Earlier this month, Diaspora cofounder Max Salzberg told Betabeat that the team would turn away from the highly-anticipated, but daunting enterprise of building the anti-Facebook and instead devote its “main focus” towards Makr.io: a photo remixing tool that makes sharing and creating image macros more social. (All your memes are belong to friends, etc.)
It sounded an awful lot like the dreaded p-word to us, but Mr. Salzberg framed it as a natural evolution for an open source project. To that end, the team, which is working on Makr as part of Y Combinator’s current class, posted a message entitled, “Announcement: Diaspora* Will Now Be A Community Project,” on the company’s blog today.
On the phone with Betabeat this afternoon, Mr. Salzberg compared Diaspora to WordPress or Mozilla. “Lots of open source projects are community run,” he explained, referencing two incredibly successful standouts. “Some people are like, ‘Oh, you’re leaving?’ But that’s not it at all. We can have side projects.”
Devoting the majority of your time to another venture sounds like more than just a side project, but Mr. Salzberg insisted that “It’s like people in bands can have multiple bands. [Diaspora is] something I did and I’m really proud of it. It’s bigger than just me. We’re never going to stop making cool stuff, we’re not really a one trick pony.”
In fact, Mr. Salzberg framed handing over the keys to Diaspora’s Pivotal Tracker as a sign of the initiative’s progress. “It speaks to the maturity of the project and that there are stakeholders other than the two guys who started it. Thousands of people love and use Diaspora everyday so the community needs to have some decision making power itself.”
Mr. Salzberg said he wasn’t sure exactly how many people were using Diaspora. “I don’t actually know because there are thousands of installations around the world,” he said. “People can run it and I’m not sure what they’re doing to it.”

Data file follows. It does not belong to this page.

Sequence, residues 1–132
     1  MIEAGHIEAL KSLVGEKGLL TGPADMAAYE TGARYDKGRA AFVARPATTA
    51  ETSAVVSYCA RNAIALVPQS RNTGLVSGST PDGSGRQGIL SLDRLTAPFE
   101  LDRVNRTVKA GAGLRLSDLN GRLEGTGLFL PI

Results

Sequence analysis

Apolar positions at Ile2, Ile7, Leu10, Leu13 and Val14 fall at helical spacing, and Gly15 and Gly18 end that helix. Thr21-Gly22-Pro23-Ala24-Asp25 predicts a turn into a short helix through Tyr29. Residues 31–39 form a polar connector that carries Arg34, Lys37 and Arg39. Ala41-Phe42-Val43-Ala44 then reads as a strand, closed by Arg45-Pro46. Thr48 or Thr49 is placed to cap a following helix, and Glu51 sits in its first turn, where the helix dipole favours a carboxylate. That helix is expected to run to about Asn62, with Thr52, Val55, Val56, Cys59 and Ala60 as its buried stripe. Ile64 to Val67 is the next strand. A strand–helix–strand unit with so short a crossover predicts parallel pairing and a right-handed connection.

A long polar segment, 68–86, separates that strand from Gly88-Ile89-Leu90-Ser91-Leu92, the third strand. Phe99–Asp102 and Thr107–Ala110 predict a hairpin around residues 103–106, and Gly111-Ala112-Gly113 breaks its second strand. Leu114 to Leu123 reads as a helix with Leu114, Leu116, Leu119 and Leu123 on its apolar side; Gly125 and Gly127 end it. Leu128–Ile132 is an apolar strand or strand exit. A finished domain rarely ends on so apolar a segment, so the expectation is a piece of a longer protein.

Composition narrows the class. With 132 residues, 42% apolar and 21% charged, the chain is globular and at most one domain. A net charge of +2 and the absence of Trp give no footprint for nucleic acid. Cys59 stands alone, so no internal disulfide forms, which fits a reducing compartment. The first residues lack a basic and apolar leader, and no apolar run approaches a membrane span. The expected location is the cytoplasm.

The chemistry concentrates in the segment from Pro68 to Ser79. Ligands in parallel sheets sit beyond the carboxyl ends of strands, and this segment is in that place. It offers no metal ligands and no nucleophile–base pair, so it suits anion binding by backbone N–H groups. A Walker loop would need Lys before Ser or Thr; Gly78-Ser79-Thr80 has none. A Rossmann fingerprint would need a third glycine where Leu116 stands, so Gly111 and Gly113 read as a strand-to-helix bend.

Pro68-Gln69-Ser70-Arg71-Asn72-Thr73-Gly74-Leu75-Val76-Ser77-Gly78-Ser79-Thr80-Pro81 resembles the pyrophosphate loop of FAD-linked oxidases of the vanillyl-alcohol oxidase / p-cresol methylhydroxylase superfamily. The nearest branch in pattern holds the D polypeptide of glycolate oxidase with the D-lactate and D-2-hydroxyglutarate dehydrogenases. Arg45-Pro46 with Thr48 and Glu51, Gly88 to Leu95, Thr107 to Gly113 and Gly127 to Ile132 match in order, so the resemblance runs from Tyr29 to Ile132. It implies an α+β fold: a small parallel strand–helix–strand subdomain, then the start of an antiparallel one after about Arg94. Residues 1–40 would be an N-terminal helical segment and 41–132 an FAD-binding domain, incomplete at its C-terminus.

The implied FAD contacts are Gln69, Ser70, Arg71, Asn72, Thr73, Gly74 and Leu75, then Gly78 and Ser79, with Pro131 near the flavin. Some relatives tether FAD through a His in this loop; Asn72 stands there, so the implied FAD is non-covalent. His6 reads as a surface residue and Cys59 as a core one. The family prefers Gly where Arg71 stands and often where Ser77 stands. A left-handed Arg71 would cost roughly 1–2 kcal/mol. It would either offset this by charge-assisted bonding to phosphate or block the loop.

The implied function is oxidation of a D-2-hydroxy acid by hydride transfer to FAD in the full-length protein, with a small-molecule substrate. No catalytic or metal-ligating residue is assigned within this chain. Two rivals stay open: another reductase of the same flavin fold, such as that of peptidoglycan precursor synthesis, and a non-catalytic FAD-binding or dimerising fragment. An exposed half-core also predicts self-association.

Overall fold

Now that’s it opened up to the community, he added, they can be in charge of things like feature development and launching fellowships. “This is how noncommercial open source projects work,” he argued, adding that “Diaspora will probably have some foundation that’s the steward of the code.”
“It was never supposed to be a startup or something,” said Mr. Salzberg. Despite once telling New York magazine that the attention from the early success of its Kickstarter project “almost paralyzed us,” he told Betabeat that the team was “just sort of doing something for fun.”
Would a leaderless community be able to put in place the kind of governance structure an open source project needs? “I don’t think we’re going away, but there’s never been a third seat to the community,” Mr. Salzberg said.
Here’s how Mr. Salzberg and his cofounder Daniel Grippi described it on the Diaspora blog (emphasis theirs):
Today, we are giving control of Diaspora to the community.
As a Free Software social project, we have an obligation to take this project further, for the good of the community that revolves around it. Putting the decisions for the project’s future in the hands of the community is one of the highest benefits of any FOSS project, and we’d like to bring this benefit to our users and developers. We still will remain as an important part this community as the founders, but we want to make sure we are including all of the people who care about Diaspora and want to see it succeed well into the future.
If you look around, you’ll see that we’ve made an effort to open up to the community more to help better serve it. We’ve opened up our Pivotal Tracker for community developers help join in (You can sign up here), we’ve launched a tool that deploys one-click installations to the Heroku app hosting service, and we’ve updated joindiaspora.com to be more community-centric, showcasing other pods a user can join.